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Dec 2nd, 2018, 04:34 AM
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I always just get on the expressway right behind Lille-Europe and work out where the hell I'm going a little later.
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Dec 3rd, 2018, 10:32 AM
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thanks for this wonderful report, Jim. I'm going to print it off and use it for our visit to the area next fall.

We had been considering training to Lille from CDG to pick up a car, might be rethinking that to Reims.

I particularly appreciate the costs, hardly anybody adds that detail.
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Dec 3rd, 2018, 10:37 AM
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Forgot to ask, is there one area or village/town that you think would serve as a single base for seeing both Ypres and Vimy? We're Canadian too, so distances don't much matter.
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Dec 4th, 2018, 02:13 AM
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Agincourt bodies etc; there was a lot of dispute about the armour, firstly the English nobility thought it belonged to them as the management, but many commoners (who had killed the guys) thought they suddenly owned a fortune of precision killing equipment (won the lottery), still dissentry meant that hanging around was not wise. So everyone grabbed what they could leaving bodies all over. The Heralds and the French then had to work out who was who, once all the shields and clothing was missing. Ok the teeth would have been of some value but the rest was just so much. Agincourt took 4 days to tidy up (that is known) and wealthy bodies were taken home.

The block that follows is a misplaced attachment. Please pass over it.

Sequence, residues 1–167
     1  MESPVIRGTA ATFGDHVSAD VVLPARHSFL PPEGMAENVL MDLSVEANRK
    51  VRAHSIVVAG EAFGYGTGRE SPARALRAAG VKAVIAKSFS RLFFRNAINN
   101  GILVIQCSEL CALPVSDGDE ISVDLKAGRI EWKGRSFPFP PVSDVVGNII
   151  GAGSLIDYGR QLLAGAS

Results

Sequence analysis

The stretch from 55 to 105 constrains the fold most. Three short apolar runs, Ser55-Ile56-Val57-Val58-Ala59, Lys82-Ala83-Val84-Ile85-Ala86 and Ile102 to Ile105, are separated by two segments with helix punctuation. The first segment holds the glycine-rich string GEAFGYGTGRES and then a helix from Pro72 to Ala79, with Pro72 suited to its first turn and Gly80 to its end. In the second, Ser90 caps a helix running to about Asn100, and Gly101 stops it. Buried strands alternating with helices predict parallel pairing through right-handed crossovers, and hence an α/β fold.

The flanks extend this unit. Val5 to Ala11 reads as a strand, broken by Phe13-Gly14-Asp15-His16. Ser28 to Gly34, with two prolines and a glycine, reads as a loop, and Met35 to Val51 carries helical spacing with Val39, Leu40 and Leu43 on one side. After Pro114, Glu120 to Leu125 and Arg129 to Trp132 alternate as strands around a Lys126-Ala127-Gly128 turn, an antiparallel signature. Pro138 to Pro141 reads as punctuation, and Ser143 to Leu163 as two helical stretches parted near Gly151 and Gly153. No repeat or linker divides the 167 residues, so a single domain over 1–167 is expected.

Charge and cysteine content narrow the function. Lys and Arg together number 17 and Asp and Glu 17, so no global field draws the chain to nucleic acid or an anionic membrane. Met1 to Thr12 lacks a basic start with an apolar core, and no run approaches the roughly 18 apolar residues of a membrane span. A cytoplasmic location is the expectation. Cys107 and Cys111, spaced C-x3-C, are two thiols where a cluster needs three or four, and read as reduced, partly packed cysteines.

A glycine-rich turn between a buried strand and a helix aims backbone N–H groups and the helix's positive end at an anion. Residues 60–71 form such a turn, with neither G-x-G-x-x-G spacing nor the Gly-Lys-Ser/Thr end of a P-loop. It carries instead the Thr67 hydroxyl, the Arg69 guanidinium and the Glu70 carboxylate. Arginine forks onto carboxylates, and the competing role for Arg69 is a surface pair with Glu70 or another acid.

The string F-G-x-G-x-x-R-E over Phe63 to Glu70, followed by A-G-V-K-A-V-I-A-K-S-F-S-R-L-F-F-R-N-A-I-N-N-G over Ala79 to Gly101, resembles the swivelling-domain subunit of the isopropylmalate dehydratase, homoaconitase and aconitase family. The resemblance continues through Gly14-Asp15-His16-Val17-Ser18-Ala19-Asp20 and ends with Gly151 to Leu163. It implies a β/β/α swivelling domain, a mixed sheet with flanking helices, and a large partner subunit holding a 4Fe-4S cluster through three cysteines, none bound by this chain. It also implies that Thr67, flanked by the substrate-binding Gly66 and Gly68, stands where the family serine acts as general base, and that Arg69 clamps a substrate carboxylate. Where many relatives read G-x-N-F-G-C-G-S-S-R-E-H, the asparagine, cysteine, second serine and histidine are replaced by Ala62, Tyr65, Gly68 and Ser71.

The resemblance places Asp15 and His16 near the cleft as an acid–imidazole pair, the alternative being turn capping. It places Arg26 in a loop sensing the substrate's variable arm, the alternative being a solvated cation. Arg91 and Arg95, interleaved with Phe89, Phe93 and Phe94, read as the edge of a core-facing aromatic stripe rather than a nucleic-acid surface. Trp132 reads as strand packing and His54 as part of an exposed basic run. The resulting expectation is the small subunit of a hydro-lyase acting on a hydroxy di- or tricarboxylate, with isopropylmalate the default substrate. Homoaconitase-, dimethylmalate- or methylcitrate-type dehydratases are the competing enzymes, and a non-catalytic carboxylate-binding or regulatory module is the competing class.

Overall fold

Comments from the Swiss at the battle (they were on the losing side) was that everyone was put in a great big pit, but given the need for consecrated buriel this seems highly unlikely, certainly the area has been fought over before WW1 and various times heaps of bodies have been claimed to be found and one assumes reburied in churchyards, but 5000+! without a comment from the local priest, still the French revolution would have destroyed any such documents. Meanwhile the plough will have turned over small body collections. Arrow heads were still valuable and given that the English king was bankrupt he would have used his 4 days to pick them all up.

What is clear is that if a battle, at this time, happened near a large town then the bodies were put in the local church, otherwise they are seldom found which is why the sites of such battles become "lost".